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How Would A Person Know They’re Infected With HIV Without Getting Tested? 

HIV is one of the most prevalent STDs in the United States as well as worldwide. Almost 1 million people in the United States are HIV positive, with nearly 1 in 7 being unaware of their HIV status.


Unfortunately, getting tested for HIV is the only way to determine if you are HIV positive.  It's quick, private, and painless - and in most cases free. Antiviral drugs against HIV are available if the test is positive, and the sooner you start treatment, the better the disease prognosis.


There are multiple testing modalities available for HIV. Most clinics and local testing agencies offer cheap or free testing facilities. Your insurance, if you have it, may also cover HIV testing costs.


WHY DO YOU NEED TO GET TESTED?

HIV testing is crucial, especially for high-risk individuals. You can have HIV and not know your status, making testing essential in some scenarios. 


High-risk individuals are people who have a greater than average chance of contracting the virus. You're a high-risk individual for HIV if you:

  • Had unprotected sex
  • Had unprotected sex with a high-risk individual
  • Had unprotected vaginal, oral, or anal sex with multiple sexual partners
  • Are a man who engages in homosexual intercourse
  • Participate in transactional sex
  • Have been sexually assaulted
  • Have recently been diagnosed with another STD
  • Have shared needles or other injecting equipment
  • Use IV drugs, including steroids and hormones


Getting tested for HIV is more beneficial than you think. First of all, knowing your HIV status is essential because it helps you stay prepared for what's to come. If you have HIV and are diagnosed early, you will be treated by your doctor much more efficiently with medication.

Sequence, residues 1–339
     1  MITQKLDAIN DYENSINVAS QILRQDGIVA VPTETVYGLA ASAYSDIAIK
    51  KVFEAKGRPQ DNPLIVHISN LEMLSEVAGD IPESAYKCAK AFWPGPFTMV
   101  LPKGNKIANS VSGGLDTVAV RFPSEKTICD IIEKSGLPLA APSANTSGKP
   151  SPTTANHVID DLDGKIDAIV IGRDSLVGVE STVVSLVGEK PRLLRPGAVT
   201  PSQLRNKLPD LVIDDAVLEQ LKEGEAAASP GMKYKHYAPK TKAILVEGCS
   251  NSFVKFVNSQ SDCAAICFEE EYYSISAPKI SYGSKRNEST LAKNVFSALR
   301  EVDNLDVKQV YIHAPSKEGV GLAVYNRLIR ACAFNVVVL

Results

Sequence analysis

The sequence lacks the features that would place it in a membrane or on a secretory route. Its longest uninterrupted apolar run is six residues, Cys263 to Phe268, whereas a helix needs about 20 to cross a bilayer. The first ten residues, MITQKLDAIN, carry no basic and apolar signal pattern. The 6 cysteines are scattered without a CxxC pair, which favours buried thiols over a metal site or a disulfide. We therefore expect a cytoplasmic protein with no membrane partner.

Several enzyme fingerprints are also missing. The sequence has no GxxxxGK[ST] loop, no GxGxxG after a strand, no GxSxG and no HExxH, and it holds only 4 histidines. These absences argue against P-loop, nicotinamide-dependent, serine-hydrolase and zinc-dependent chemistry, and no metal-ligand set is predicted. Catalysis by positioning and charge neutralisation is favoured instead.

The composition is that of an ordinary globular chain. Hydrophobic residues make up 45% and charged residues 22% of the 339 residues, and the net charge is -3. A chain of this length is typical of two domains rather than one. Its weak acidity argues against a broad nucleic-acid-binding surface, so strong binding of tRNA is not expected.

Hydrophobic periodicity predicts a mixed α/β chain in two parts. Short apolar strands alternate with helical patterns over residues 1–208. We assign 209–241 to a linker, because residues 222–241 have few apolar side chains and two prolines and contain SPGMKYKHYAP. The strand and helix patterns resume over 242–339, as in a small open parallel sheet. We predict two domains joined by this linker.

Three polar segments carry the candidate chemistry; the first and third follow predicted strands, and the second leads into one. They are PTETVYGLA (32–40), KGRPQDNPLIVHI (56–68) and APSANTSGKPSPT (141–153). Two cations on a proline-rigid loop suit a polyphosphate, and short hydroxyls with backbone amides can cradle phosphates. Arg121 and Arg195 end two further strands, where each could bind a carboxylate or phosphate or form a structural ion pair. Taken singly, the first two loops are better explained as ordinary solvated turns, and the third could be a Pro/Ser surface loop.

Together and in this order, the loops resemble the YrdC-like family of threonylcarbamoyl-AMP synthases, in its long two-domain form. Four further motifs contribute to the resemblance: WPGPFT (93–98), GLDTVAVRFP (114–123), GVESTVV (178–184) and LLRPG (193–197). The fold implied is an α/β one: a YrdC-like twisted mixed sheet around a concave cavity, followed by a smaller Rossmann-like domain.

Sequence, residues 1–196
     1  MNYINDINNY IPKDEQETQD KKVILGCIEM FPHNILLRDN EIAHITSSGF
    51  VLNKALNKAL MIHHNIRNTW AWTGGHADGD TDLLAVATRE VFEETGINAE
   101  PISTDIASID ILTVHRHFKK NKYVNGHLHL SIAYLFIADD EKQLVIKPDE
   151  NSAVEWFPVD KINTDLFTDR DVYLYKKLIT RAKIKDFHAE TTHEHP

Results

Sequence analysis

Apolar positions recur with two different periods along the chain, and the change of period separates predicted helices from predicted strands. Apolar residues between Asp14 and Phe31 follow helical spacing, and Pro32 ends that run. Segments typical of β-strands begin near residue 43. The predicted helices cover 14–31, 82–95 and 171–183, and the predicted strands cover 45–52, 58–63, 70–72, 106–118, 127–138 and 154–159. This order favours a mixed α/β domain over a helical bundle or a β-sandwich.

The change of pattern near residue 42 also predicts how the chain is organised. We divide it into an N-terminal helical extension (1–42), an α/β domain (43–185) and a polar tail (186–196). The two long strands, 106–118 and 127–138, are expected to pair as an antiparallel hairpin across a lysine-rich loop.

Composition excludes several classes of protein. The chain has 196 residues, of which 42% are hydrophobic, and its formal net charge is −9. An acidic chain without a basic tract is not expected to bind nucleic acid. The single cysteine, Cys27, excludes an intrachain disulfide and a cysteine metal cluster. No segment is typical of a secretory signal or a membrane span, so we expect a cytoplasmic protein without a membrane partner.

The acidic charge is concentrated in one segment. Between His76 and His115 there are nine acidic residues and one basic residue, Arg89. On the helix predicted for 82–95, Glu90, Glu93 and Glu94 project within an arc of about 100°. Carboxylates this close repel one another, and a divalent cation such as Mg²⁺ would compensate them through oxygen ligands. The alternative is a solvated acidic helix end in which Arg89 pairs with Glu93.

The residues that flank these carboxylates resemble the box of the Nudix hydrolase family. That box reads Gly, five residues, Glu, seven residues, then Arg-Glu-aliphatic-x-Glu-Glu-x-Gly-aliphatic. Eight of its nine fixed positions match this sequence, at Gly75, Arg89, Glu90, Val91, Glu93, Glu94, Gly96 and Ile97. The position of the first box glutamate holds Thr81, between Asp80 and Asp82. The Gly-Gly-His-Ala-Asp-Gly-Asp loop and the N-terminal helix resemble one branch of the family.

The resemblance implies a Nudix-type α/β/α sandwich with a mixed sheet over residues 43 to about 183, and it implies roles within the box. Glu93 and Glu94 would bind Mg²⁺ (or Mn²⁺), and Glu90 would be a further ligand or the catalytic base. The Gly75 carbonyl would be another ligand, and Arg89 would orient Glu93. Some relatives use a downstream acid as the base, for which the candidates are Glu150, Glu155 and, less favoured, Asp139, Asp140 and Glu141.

Your doctor can start prompt treatment as soon as the diagnosis is made. Early treatment helps you keep your viral load down to undetectable levels. Undetectable viral loads are an indication of positive health status. There is also a reduced chance of spreading HIV if you have an undetectable viral load.


Knowing your HIV status also helps to protect your partners. If they are aware of your HIV status, they can take extra precautions. For example, they can take PrEP therapy to prevent any chance of infection during sexual intercourse.


HOW FREQUENTLY SHOULD YOU GET TESTED?

As per the recommendation of the Center for Disease Control, every individual between the ages of 13 and 64 should get an HIV test done at least once as part of their routine healthcare. High-risk individuals should get tests done annually. Sexually active bisexual and homosexual men should get tested every three to six months. 


It's important to get tested because most people aren't aware of their status. Knowing if you are HIV positive or not will allow you to take the necessary precautions and medication. One scenario where it is important to know your status is if you are pregnant or trying to conceive. Pregnant women carry the risk of transmitting the infection to their baby during delivery and breastfeeding, and taking the right antivirals can minimize disease transmission to the baby. 


Currently, no cure for HIV exists, and the treatment for HIV aims to reduce the body's viral load. Therefore, frequent testing for HIV helps in effective management since your doctor can start early treatment if you turn out to be HIV positive.